THE TWO HIDING behind the old blacksmith’s station utilized the cover provided by the huge trees. They did nothing to draw attention to themselves, a deliberate tactic to avoid detection. As they watched in silence, they saw the vehicle pulled into Danny’s and heard the engine shut off. With a glance of mutual understanding, they agreed to wait to see if the occupant stayed the night. This was a familiar routine enacted so many times the need to speak was rare. The identity of the driver didn’t matter, man or woman. The only concern was that the targets were healthy and unimpaired by physical disabilities. By watching how their intended victim moved through the Chevy to climb into under the sleeping bag, both requirements were satisfied. It was just a matter of patience now. They would eliminate the target if for any reason their prey surprised them by not meeting the criteria. The vehicle was a newer model and was in itself worth the effort of acquiring.
Almost an hour later, the rain came to a grudging halt. It continued to sprinkle for another twenty minutes, but finally the two decided it was time to move. One man, older and more seasoned, led the way. He was the risk taker. He was the one who was always confident and sure of their right to do exactly what they wanted. Blessed with a lean and athletic body, he easily avoided the worst of the puddles and stayed on firm ground. The slightest noise could wake their target and the game might end before it got a good start.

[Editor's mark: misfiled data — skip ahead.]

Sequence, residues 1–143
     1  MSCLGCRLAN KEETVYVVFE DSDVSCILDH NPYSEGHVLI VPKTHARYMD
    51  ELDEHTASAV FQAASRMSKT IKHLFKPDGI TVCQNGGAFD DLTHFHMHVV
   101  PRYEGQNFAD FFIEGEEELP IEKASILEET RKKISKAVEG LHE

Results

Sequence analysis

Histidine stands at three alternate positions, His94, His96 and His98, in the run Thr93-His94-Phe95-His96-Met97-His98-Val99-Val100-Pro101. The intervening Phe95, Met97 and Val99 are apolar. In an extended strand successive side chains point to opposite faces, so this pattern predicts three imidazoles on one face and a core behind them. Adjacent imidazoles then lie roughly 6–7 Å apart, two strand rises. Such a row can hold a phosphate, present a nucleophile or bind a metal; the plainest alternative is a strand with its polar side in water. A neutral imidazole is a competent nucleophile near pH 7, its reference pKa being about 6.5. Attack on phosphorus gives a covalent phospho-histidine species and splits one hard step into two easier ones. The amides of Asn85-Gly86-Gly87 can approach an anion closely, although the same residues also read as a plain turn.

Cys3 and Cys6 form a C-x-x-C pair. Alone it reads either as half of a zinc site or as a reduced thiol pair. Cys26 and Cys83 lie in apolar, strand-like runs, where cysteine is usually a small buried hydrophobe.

The other smiled at his companion briefly and then his eyes fixed on the Chevy. Their movements were silent and well coordinated. He moved around behind the car while his partner moved directly to the rear driver-side door. When they were both in position he looked down and found the doors locked, but he’d come prepared. He carried a Slim Jim. If he had to, he’d smash the window, but if he did, speed would be required to subdue their victim and things could get ugly very quickly. On the other side of the vehicle, his partner knelt down near one of the rear wheels.
The crunch of tires on gravel alerted them seconds before a brown Jeep Patriot maneuvered through the trees. Bullitt County Sheriff’s Department was clearly emblazoned on the door. As a precaution, the pair crouched and scuttled back over to the blacksmith’s building. They both expected that the vehicle would drive out of sight and they would be free to continue unimpeded. The storm had started up again and rivulets of rainwater cascaded down their faces and soaked into their clothing.
Instead of driving on, the law enforcement vehicle pulled in next to the white SUV. Mike Kurth watched his younger brother’s expression turn to one with which he was all too familiar. He called it Joey’s whiney face. He raised a hand, motioned for Joey to be quiet, and watched to see what would happen next.